Author does not prevail on summary judgment motion against related to book sales

By Nicholas Malfitano | May 24, 2016

PHILADELPHIA – A trial court order of summary judgment for Amazon CEO Jeff Bezos and and against an author seeking allegedly unpaid royalties will remain in place, per a Monday decision from the U.S. Court of Appeals for the Third Circuit.

PHILADELPHIA – A trial court order of summary judgment for Amazon CEO Jeff Bezos and and against an author seeking allegedly unpaid royalties will remain in place, per a Monday decision from the U.S. Court of Appeals for the Third Circuit.

According to a per curiam decision from Third Circuit judges, Amazon’s reception of summary judgment versus appellant Joseph Carlin was confirmed. The federal appellate court believed Carlin had not established a valid case of copyright infringement.

Carlin wrote four self-published books: Muraldelphia: Black and White Edition; Muraldelphia: Full Color Edition; Repeal Roe . . . I tried; and Real Estate Sales and Listing Training Manual. In 2011, Carlin registered with CreateSpace, a subsidiary of, and agreed to the terms of CreateSpace’s service agreement.

Through this agreement, Carlin granted CreateSpace a non-exclusive license to “publish, distribute, and sell his books through and other sales channels," and CreateSpace pledged to pay Carlin royalties for sales generated. Further, Carlin listed his books in’s “expanded distribution” program, which permitted retailers outside the umbrella to sell the books.

In April 2014, Carlin filed the instant complaint against Bezos and (Amazon), including a single count of copyright infringement. Carlin alleged, while Amazon had paid some royalties, it had not paid him nearly the amount he was due – and summarily requested $100 million in damages. Subsequent to discovery, each side filed cross-motions for summary judgment.

“The District Court granted Amazon’s motion and denied Carlin’s, concluding that any rational trier of fact would reject Carlin’s claim that Amazon had withheld royalties. Carlin filed a timely notice of appeal to this Court, and Amazon has filed a motion to file a supplemental appendix,” the Third Circuit said.

The Third Circuit stated it fully agreed with the District Court’s analysis of the case.

“To make out a valid claim of copyright infringement, a plaintiff must establish: (1) Ownership of a valid copyright; and (2) Unauthorized copying of original elements of the plaintiff’s work,” the Third Circuit said.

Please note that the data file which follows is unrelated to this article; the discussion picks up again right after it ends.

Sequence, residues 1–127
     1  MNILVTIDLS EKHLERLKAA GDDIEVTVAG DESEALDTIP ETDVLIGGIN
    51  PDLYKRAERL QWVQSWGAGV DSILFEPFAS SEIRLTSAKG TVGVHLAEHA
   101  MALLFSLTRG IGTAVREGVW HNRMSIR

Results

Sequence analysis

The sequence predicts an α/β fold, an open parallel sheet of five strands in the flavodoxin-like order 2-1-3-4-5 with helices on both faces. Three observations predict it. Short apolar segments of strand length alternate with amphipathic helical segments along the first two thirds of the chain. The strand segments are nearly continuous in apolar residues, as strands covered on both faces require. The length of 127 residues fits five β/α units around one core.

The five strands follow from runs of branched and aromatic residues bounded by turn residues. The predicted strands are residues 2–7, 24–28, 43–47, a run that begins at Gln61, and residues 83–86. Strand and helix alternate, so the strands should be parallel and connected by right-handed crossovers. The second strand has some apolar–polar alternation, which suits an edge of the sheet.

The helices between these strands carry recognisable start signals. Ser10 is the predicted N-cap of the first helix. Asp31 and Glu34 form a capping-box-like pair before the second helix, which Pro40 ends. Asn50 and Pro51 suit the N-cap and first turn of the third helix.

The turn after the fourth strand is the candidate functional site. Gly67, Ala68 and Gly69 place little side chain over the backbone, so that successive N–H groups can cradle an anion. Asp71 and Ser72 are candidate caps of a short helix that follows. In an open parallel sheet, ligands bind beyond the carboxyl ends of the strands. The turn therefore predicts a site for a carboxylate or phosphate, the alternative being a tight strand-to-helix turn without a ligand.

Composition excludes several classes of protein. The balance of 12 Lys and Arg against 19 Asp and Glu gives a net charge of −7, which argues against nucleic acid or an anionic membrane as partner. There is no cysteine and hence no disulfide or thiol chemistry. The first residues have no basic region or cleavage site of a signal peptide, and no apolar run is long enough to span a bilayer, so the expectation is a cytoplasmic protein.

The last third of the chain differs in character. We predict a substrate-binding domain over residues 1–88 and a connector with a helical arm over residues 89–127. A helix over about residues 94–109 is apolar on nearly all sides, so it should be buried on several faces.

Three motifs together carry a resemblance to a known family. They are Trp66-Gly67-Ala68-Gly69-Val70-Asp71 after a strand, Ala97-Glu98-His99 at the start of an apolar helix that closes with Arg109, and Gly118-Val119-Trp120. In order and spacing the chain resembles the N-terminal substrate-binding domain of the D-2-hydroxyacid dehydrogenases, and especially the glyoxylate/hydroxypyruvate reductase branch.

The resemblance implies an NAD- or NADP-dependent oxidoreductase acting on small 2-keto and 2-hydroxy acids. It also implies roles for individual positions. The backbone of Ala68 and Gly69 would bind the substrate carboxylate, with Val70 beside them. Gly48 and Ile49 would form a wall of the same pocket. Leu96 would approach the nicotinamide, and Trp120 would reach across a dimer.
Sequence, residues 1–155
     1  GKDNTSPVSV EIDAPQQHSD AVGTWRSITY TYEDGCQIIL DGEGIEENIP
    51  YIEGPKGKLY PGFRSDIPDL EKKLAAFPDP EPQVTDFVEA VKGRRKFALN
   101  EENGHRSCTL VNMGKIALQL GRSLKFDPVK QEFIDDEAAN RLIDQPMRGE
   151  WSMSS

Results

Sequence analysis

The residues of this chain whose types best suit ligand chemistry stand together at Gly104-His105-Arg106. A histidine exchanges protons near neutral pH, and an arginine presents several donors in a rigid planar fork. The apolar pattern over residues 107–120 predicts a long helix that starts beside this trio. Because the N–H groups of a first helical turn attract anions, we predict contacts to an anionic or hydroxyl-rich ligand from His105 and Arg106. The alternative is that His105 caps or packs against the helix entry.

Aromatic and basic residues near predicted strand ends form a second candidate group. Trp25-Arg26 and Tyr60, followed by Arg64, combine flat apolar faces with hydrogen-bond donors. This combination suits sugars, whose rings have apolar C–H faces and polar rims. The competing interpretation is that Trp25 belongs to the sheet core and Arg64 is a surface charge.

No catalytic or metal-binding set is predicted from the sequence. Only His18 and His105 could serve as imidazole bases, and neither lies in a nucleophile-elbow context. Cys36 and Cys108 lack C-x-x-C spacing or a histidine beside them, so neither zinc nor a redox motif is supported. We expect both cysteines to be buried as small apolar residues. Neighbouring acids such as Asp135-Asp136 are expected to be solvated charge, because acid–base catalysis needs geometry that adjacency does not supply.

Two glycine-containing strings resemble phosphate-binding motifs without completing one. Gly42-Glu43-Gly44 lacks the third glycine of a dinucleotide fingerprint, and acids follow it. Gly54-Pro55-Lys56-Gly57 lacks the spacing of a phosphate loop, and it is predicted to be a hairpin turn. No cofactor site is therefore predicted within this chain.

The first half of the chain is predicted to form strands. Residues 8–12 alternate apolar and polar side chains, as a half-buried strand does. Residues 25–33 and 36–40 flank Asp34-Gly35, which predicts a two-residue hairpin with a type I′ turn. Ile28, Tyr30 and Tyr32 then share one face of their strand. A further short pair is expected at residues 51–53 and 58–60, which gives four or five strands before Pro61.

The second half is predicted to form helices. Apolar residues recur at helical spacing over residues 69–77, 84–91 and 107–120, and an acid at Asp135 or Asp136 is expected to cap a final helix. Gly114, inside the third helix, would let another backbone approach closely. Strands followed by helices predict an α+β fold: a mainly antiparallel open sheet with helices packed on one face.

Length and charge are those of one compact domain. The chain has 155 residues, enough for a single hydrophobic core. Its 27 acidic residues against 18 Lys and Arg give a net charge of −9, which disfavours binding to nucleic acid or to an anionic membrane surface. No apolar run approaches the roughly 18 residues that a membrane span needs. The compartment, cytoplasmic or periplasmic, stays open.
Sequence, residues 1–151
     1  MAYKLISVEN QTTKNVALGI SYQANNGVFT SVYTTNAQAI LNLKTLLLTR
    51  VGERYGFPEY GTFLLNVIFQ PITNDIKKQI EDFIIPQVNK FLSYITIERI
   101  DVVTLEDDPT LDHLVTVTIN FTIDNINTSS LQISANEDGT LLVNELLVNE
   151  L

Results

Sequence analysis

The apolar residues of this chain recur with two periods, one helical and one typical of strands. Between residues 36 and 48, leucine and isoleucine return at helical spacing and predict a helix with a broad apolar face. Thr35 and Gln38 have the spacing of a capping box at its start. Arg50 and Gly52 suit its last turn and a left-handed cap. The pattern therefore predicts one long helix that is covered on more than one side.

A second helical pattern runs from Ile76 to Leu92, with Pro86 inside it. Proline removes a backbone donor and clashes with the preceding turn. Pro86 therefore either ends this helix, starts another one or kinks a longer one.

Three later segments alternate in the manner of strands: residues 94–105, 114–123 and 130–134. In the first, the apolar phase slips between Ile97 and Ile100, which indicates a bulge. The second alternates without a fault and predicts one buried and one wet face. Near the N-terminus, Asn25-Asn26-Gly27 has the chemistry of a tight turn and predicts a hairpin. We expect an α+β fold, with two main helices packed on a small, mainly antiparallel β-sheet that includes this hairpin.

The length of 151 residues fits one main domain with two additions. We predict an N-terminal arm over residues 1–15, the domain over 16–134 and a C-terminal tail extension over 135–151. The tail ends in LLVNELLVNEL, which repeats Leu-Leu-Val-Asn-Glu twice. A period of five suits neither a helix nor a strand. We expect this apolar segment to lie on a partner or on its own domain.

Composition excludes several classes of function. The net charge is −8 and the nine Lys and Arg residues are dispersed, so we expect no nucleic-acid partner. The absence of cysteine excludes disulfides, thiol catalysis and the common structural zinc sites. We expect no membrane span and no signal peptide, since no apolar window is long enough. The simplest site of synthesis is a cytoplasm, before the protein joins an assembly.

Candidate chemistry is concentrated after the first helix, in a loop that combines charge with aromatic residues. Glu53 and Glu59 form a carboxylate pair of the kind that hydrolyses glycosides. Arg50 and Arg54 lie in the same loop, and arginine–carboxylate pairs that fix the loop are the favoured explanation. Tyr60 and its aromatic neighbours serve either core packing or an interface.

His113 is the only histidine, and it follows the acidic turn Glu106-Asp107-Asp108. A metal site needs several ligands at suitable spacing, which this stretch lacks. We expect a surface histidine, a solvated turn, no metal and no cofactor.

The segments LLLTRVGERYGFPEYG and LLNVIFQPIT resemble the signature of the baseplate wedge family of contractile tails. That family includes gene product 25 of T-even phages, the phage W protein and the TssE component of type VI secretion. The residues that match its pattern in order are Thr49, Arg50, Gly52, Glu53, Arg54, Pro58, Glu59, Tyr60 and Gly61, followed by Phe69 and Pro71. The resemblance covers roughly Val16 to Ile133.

“In this case, it is undisputed that Carlin granted Amazon a non-exclusive license to his books. A copyright owner who grants a license to use his copyrighted material typically can maintain a claim of copyright infringement only by showing that the ‘licensee’s use goes beyond the scope of the non-exclusive license,” the Third Circuit added. “As noted above, Carlin contends that Amazon exceeded its license by selling his books – either directly or through third-party distributors – without paying royalties. We will assume that a licensee’s failure to make required payments constitutes copyright infringement.”

It is that same qualifying criteria of exceeding the scope where the Third Circuit believed Carlin’s claim failed.

“We agree with the District Court that a reasonable jury could not find that Amazon exceeded the scope of its license. In support of his contention that Amazon sold copies of his books without paying him royalties, Carlin presented screenshots listing a number of copies of his books that were “offered.”

The federal appellate court outlined one listing for Muraldelphia stated: “Paperback. $62.88 used & new (8 offers)”, and explained Carlin argued that each copy offered represented a copy sold, and thus demanded royalties totaling the number of copies that Amazon and its distributors offered.

However, Amazon countered such listings only act as offers and not “consummated sales” – where the consumer would have to accept the offer and make a purchase – and provided evidence it had sold 16 of Carlin’s books and paid him appropriate royalties for those consummated sales.

“In these circumstances, Carlin’s screenshots listing ‘offers’ for his books do not provide a sufficient evidentiary basis for a trier of fact to find that Amazon and third-party distributors have sold additional copies of his books without paying him,” the Third Circuit said. “Beyond his screenshots, Carlin has presented only speculation that Amazon has acted improperly. As the District Court concluded, this does not suffice to survive summary judgment.”

The Third Circuit concluded by upholding the District Court’s ruling, granting summary judgment to Amazon.

“Accordingly, we will affirm the District Court’s judgment. Amazon’s motion to file a supplemental appendix is granted and the supplemental appendix is deemed filed on March 16, 2016. To the extent that Carlin’s response in opposition to Amazon’s motion to file a supplemental appendix requests affirmative relief, the motion is denied,” the Third Circuit stated.

The appellees are represented by J. Kevin Fee and Andrew C. Whitney of Morgan Lewis & Bockius, in Washington, D.C. and Philadelphia, respectively.

U.S. Court of Appeals for the Third Circuit case 15-2774

U.S. District Court for the Eastern District of Pennsylvania case 2:14-cv-02406

From the Pennsylvania Record: Reach Courts Reporter Nicholas Malfitano at

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